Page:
Why I might have chosen the child-free life

During a recent radio interview with EWTN’s Sonrise Morning Show, we discussed how body image plays a role in keeping women from embracing pregnancy and becoming mothers. Our culture definitely perpetuates the whole I-don’t-want-to-do-that-to-my-body – “that” being pregnancy, otherwise known as granting your stomach and bum their very own zip codes and saying sayonara to your ankles for several months. This is my {hot} body and I’m not giving it up for a baby. Sacrificial love is out of style. And our bodies are mere objects rather than instruments we have the responsibility to take care of in order to fulfill our vocations.

I honestly thought we’d be discussing Time magazine’s recent “The Childfree Life” article, but I’m always up for a little body image talk. And as the conversation continued, it became clear that the fear of a woman losing her pre-mom bod ties in to the decision of more and more married couples to skip the whole procreation thing, and I did end up marbling in some of the the talking points I’d prepared into the conversation

I noticed Time cover story when I was sitting in the waiting room at the dentist. I don’t pay much attention to that “news” magazine, especially since I had a less-than-desirable personal experience with it. On the cover, there was a picture of a beautiful couple with toned bodies sunbathing with blissful smiles on their faces under the headline”The Childfree Life.” I thought of reading the article, but I decided to stick with checking out a chic pair of boots I had pulled up on my smartphone because I’m deep like that. Besides, I knew the cover and the article, which I did eventually check out online, had its own sensationalist agenda. Honestly, that toothy couple reminded me of advertising than journalism. Showing a good-lucking, childless couple was just another savvy marketing campaign. Forgo pregnancy, adoption, or any other way of acquiring soul-sucking, money pits, also known as children, and you, too, can travel the world, find the ultimate kind of happiness, and look like a movie star.

The cover definitely was suggesting choosing not to have children can be equated with more happiness, or in the very least, with more freedom to pursue things that might make you happy. On the flip side, the parenting camp has been guilty of using our own alluring marketing. Children are always blessings not burdens! You don’t know what real happiness is until you bring a child in to the world. They’re hard work, but they’re worth it. They give far more than they take! You think you’ll be fulfilled without them, but just wait when you’re old and there’s no one to take care of you! Have children, and you’ll have a different kind of happiness!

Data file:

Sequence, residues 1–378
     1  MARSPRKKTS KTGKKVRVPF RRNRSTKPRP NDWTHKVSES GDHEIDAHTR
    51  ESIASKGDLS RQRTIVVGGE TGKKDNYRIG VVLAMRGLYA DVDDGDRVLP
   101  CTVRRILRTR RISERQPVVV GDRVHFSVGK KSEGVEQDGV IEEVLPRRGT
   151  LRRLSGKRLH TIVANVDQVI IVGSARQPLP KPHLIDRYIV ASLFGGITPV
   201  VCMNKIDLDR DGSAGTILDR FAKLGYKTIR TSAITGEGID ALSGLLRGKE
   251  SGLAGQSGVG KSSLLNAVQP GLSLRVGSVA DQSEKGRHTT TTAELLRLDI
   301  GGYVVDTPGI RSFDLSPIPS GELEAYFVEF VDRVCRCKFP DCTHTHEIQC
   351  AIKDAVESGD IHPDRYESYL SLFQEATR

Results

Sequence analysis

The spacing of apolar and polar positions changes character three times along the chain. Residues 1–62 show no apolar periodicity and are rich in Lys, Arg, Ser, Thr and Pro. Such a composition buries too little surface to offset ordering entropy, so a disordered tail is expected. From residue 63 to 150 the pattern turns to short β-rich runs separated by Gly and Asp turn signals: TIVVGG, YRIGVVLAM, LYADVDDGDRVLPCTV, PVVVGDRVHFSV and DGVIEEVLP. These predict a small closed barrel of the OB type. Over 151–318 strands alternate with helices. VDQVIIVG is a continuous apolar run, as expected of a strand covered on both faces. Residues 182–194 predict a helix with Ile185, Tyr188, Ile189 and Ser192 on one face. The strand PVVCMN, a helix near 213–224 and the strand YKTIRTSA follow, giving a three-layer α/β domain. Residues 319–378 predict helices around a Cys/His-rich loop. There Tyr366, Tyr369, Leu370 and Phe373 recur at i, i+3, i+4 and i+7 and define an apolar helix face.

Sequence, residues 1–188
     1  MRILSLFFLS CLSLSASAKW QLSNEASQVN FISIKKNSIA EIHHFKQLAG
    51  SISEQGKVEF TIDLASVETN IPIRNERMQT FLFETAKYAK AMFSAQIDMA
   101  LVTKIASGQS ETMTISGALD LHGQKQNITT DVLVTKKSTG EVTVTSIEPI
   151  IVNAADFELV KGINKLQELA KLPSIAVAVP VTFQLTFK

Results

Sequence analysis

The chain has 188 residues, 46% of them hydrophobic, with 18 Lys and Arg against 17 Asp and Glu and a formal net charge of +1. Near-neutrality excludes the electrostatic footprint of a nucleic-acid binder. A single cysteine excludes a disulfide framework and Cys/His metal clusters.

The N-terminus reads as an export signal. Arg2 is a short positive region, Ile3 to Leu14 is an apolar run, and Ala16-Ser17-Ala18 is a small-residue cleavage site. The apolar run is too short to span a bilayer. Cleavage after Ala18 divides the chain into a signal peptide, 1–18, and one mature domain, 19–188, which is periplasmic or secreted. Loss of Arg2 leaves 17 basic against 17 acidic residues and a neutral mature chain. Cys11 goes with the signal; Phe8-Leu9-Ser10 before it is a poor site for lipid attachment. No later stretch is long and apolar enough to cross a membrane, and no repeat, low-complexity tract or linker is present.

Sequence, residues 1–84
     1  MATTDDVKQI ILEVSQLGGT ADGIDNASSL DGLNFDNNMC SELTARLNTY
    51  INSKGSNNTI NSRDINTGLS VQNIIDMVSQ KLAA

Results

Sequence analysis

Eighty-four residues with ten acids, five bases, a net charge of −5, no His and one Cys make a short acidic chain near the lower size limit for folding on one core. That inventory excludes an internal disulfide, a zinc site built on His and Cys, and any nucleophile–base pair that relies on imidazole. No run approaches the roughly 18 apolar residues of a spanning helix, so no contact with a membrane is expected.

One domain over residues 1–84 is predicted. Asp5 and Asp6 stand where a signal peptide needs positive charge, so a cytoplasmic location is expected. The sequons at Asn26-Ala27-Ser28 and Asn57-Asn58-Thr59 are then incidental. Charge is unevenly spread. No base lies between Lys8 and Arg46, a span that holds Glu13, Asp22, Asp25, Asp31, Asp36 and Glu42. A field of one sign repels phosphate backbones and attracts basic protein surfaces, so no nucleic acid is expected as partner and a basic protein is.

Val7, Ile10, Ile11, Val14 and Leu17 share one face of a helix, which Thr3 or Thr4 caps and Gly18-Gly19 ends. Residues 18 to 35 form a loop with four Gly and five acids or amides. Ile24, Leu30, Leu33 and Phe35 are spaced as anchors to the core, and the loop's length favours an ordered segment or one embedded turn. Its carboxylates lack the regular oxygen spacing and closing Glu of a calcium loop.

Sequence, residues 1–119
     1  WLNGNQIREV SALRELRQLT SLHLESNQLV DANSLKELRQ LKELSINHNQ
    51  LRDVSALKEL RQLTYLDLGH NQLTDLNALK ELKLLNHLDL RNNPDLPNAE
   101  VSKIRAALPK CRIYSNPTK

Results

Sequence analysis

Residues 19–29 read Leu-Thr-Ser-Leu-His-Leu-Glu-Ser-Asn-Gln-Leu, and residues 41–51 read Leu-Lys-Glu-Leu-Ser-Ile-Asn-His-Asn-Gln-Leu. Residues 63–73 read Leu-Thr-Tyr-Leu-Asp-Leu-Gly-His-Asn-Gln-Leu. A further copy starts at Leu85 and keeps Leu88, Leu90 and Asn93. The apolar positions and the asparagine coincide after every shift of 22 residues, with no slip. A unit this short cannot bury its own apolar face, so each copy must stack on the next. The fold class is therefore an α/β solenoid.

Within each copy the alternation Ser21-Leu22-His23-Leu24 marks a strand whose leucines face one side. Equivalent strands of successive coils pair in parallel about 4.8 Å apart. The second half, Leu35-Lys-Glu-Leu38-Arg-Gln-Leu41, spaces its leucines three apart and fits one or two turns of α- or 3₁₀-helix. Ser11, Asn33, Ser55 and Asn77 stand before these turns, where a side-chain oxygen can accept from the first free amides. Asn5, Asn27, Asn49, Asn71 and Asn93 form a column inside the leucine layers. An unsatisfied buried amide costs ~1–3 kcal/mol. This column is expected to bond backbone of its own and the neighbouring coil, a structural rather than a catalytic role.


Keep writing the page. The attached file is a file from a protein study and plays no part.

Upon closer examination, we see that child-free couples don’t have perfect careers or envy-worthy bodies, and they’re not always on vacation either. Their life is sometimes good and carefree, but I can bet sometimes it sucks. Just as parents’ lives sometimes do because of their kids or not. And children? Yes, of course they’re blessings, but sometimes they are a pain in the you-know-what. Children force us to live in the present, and usually this is put forward as a positive thing, but when that present involves poop all over your walls or a teenager screaming he hates you, you may wish you were anywhere but in that gut-wrenching, toxic moment. We love our children fiercely, but sometimes they disappoint us in little ways and in big ways, too. Or we disappoint ourselves because we don’t parent exactly the way we planned or desired. I’ve often wondered if my own parents have ever regretted having my older brother, who has given us hope but also plenty of despair throughout his lifelong struggle with addiction. I know they love him terribly and have invested many prayers in him and have also learned a lot from dealing with his sickness, but do they ever regret having him? I seriously doubt it. Anything worth creating exacts a prices from its creator, and sometimes the cost is very, very high. I should ask them. When I do, I’ll share what I find out.